Baidu's Apollo program, named after the American space program that took us to the moon, was conceived of as an open source framework that developers could use to help push self-driving car tech forward. The announcement of a second version so soon after the Apollo 1.0, which debuted in July 2017, would lead us to believe that Baidu's plan is working.
The announcement of Apollo 2.0 comes hot on the heels of Baidu's partnership with Canadian firm BlackBerry and the adoption of its QNX system as a critical part of Apollo's architecture. The open nature of Apollo is compelling primarily because it takes a page from Google's handbook, something that Google hasn't done with its self-driving car bid, Waymo. Apollo currently boasts over 165,000 lines of code, with new developers adding more every day.
Some of the highlights of version 2.0 include more HD mapping services, new cheaper sensor package requirements, new reference vehicles, and support for Intel, NXP, Nvidia and Renesas. Another huge update for Apollo 2.0 is that it will allow Apollo 1.0 users to drive autonomously on some simple city roads. One of Baidu's US-based partners, AutonomouStuff, has already updated from 1.0 to 2.0 and has said that the update allowed their test vehicles to operate during both day and night on urban streets.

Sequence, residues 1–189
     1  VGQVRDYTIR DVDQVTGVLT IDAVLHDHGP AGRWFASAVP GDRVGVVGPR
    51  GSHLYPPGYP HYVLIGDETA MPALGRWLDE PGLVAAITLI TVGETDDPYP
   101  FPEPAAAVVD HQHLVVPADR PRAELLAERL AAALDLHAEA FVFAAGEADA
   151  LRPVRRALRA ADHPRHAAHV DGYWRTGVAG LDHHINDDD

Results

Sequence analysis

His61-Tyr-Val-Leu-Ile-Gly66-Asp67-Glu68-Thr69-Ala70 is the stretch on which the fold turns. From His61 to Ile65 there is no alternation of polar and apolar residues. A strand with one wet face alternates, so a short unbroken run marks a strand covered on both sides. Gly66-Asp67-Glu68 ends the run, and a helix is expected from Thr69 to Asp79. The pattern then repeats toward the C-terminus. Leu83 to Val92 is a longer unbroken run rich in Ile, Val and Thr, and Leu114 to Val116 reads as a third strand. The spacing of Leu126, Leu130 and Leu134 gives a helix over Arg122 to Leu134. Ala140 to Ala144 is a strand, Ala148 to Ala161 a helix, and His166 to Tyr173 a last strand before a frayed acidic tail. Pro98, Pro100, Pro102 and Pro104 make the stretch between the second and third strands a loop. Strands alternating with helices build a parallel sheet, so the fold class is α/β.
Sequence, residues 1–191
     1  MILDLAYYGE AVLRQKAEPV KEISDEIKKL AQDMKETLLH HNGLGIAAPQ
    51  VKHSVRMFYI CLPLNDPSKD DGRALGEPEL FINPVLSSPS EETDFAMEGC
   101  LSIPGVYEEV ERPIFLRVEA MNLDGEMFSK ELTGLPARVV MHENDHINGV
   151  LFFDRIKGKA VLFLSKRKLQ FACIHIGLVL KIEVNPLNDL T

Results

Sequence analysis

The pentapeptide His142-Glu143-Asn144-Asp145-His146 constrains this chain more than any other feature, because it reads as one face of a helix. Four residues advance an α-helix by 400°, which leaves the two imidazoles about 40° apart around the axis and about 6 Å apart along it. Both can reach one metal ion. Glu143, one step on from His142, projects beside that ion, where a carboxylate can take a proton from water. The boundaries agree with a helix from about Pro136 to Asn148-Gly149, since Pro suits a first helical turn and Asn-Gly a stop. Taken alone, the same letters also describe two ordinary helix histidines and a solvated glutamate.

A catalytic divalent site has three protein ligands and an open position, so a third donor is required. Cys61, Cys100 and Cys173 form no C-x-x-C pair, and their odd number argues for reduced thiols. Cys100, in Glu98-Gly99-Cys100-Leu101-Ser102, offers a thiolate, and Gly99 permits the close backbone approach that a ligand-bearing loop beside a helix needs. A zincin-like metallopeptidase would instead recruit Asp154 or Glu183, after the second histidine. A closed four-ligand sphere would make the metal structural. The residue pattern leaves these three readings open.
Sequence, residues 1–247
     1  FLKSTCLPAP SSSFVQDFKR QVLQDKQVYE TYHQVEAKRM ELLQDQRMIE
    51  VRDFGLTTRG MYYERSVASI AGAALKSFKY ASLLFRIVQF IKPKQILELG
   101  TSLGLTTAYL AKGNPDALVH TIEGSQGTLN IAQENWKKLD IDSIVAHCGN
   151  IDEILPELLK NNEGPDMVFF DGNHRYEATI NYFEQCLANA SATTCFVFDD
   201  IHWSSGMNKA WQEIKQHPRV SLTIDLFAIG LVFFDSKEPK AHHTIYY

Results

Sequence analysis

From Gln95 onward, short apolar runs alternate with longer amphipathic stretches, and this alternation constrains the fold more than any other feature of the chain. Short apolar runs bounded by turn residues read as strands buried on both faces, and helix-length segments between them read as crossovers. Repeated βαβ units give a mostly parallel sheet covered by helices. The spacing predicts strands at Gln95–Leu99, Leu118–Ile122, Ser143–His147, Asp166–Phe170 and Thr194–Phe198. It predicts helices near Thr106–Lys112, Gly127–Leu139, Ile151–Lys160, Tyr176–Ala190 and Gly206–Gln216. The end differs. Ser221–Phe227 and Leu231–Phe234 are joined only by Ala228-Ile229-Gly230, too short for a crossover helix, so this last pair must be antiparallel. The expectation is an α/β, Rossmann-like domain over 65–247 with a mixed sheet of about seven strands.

Part of the reason for Apollo's rapid success is Baidu's 90 partners in the project including Ford, Nvidia, Bosch, TomTom and Hyundai. The access to technology and data that these partners provide is invaluable when it comes to being able to quickly adjust and adapt Apollo to changing technology.
We're looking forward to getting more hands-on experience with Apollo-equipped vehicles as updates continue to roll out and we'll be sure to document our experiences when we do.